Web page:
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How to improve your immune health through your gut

How your gut microbiome affects your immunity and sleep with Evienutrition


With over 70% of your immune cells residing in the gut there is no better time than to look after your gut and its inhabitants in the fight against Covid and staying well this winter.

The inhabitants I refer to are of course the trillions of gut bacteria that have taken up residence inside your gut. They have created their own ecosystem that can speak with our own cells in the gut lining to help regulate our immune response.

What do your gut bacteria do for you?

Bacteria in our gastro-intestinal tract feed off food particles that we can’t digest and absorb. They help us to breakdown these fibres and use it to make short chain fatty acids a which act as a direct source of food for the cells lining the gut but also give us B vitamins which we can use for energy. They also make vitamin K which is an important factor for the blood clotting process. The important thing to remember is that the different strains of bacteria work together to keep our gut lining strong and healthy – without this we can develop hyper-intestinal permeability or leaky gut! which can result in poor immune function and even autoimmunity!

Food gut bacteria love! 

The kind of food our gut bacteria love are the ones we largely can’t digest and absorb which are high in fibre; beans, lentils, wholegrains and some fruit and vegetables fibres. Fibre is such as important part of our diet, it should be considered a nutrient in itself and as a Nation, we simply don’t eat enough of it. Include plenty of variety from these kinds of fibre rich foods aiming to have at least 1-2 servings of fruit and 5-6 servings of vegetables every day and include some wholegrains i.e. oats, rice, rye, pasta, quinoa into your diet. Including food in your diet that makes you feel happy and healthy from the inside-out is all part of my Eat better and Feel better online 4 week programme which starts soon https://evienutrition.co.uk/weight-loss-programmes

How broken sleep affects your immune health 

Our immune system is dependent on a few different factors other than diet; poor immune health has been identified in those with disrupted sleep patterns and broken “circadian rhythm”.  The Circadian rhythm is our in-built 24 hour clock that should tell us when to get up and when to go to bed, however it is far too easy to stay up late with all of the entertainment we have at hand; iphones, ipads, TV, indoor lighting which all means we can ignore the fading light outside and stay awake long after we should probably have hit the pillow! With improved sleep patterns you can improve your immune health through your gut!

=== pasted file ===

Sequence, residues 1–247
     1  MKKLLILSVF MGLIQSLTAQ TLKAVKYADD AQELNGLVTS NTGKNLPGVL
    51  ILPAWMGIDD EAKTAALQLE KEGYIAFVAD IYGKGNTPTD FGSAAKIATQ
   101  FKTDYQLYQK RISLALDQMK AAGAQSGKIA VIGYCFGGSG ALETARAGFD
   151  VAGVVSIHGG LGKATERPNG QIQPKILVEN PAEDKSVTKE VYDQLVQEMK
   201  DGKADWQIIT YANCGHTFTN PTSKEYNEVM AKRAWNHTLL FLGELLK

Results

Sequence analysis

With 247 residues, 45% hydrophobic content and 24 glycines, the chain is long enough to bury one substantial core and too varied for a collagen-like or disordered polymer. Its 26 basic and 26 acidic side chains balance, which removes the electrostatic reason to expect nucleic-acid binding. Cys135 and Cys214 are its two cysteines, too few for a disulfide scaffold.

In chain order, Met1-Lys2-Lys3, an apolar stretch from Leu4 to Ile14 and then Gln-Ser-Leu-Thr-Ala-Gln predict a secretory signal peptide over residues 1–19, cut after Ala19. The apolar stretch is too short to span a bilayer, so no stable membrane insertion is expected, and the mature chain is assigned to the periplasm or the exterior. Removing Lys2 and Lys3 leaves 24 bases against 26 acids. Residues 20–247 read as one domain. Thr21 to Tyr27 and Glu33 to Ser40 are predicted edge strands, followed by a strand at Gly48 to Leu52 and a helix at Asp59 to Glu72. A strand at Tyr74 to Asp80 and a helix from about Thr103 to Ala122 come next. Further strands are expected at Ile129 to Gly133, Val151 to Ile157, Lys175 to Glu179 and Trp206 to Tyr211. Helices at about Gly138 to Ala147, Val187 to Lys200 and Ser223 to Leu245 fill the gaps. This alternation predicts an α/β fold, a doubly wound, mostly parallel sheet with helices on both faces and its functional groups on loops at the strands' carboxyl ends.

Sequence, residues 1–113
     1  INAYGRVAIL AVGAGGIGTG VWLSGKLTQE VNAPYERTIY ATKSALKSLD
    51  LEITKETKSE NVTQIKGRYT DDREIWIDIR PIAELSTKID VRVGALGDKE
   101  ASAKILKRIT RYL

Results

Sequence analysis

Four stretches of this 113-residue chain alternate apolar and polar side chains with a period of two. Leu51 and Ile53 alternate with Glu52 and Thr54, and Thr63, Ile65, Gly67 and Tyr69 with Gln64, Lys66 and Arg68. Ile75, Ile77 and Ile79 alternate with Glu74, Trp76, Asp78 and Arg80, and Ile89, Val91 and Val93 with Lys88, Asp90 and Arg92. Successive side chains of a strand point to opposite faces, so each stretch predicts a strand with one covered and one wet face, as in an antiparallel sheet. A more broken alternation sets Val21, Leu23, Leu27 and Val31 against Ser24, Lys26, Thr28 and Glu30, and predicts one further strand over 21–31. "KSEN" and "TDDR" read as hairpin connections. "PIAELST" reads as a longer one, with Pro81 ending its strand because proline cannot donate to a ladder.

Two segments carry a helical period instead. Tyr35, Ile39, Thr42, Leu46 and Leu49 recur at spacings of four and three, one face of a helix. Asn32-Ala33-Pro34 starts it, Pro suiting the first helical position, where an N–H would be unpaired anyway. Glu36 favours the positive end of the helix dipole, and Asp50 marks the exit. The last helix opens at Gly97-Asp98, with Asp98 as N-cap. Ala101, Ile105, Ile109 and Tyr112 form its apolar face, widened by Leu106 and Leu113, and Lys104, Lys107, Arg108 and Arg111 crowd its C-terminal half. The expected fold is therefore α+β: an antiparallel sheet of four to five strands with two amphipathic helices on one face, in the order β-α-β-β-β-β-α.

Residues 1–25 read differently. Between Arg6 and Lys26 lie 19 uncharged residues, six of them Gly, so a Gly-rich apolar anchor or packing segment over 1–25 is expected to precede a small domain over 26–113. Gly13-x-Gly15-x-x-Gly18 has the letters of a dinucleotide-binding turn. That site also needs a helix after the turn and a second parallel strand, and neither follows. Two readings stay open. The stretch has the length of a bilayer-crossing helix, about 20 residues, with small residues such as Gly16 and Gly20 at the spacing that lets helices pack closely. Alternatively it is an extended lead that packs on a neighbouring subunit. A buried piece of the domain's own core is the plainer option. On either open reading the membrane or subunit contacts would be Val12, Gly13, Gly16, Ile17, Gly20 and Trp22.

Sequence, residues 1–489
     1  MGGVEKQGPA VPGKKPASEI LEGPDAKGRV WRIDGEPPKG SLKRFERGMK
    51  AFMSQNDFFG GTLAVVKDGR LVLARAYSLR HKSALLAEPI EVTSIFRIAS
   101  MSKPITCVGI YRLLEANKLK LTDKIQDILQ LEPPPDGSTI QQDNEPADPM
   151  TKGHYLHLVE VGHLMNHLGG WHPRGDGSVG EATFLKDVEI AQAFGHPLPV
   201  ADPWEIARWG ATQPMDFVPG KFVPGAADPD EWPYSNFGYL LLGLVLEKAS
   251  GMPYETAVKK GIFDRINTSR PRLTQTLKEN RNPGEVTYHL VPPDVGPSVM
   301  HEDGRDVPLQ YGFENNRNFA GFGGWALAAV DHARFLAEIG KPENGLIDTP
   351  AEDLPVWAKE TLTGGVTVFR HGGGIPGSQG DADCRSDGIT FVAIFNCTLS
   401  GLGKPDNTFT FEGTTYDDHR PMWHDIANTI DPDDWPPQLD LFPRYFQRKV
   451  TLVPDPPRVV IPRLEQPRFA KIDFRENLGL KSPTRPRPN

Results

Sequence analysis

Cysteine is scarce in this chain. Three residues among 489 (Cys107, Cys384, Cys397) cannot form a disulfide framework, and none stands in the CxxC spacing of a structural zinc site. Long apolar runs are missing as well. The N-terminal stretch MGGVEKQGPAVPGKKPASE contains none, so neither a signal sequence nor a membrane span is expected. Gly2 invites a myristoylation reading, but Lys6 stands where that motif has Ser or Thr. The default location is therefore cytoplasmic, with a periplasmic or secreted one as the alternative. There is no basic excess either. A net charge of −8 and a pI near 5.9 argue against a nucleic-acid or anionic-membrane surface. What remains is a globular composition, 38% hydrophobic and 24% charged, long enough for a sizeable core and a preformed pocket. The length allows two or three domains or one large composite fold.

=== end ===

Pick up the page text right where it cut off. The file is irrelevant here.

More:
How to sleep your way to better health 

The fascinating interactions that occur between our immune cells and the gut microbiome have become a point of great interest in recent scientific studies looking at how together they regulate our immune system and how the bacteria use “Zeitgeber’s” (time-givers) to know when and how to respond.

Almost every cell in our body has molecular machinery to “time-keep”, this means they respond to our light-dark cycle via the “suprachiasmatic nucleus” (big word alert!)  in the brain by light entering through the eye which sets the internal body clock.  But the bacteria in our gut doesn’t have this internal machinery to time-keep without our help.

The gut microbiome responds to our  daily rhythm by using zeitgeber’s as cues; the most important of these is our light-dark cycle and also our feeding times,  our hormones and body temperature .

We now have a better understanding of how our circadian rhythm and the gut microbiome are working together in harmony and how this affects our immune system response to infection but the question is…are you disrupting your circadian rhythm?

One thing we can all do is get up at the same time every morning and go to bed at the same time every night and eating at the same time every day is an important cue to help train the gut microbiome to respond effectively. This is how your gut bacteria can fit in with our own biological internal clock – they listen to these cues and rely on us being regular time keepers with our mealtimes and sleep. Do you follow a set pattern of wake/sleep and eating times? or is sleep a problem area for you?

Which sleep type are you? 

There are two kinds of poor-sleepers, the first is the kind that drops off to sleep immediately but wakes only hours later and the second kind spends hours trying to get to sleep and when they do fall asleep it is still restless and broken. Either way, sleep is a critical function that accounts for a third of our life and missing out on a good night sleep could be affecting your health in more negative ways than you realised. Find out how to get the best night sleep possible by downloading my workshop “Nutrition for Sleep” on request for just £5 – it is a game-changer for your health.

Finding your root cause for broken sleep

If you want to find the root cause of what is affecting your ability to get a good night sleep, you may benefit from working with me on a one to one basis. I have helped hundreds improve their sleep through dietary and lifestyle modifications. We all unique, getting specific, tailored advice may be the best starting place for you right now. Get in touch to find out how I can help you and book your FREE discovery call. https://evienutrition.co.uk/contact



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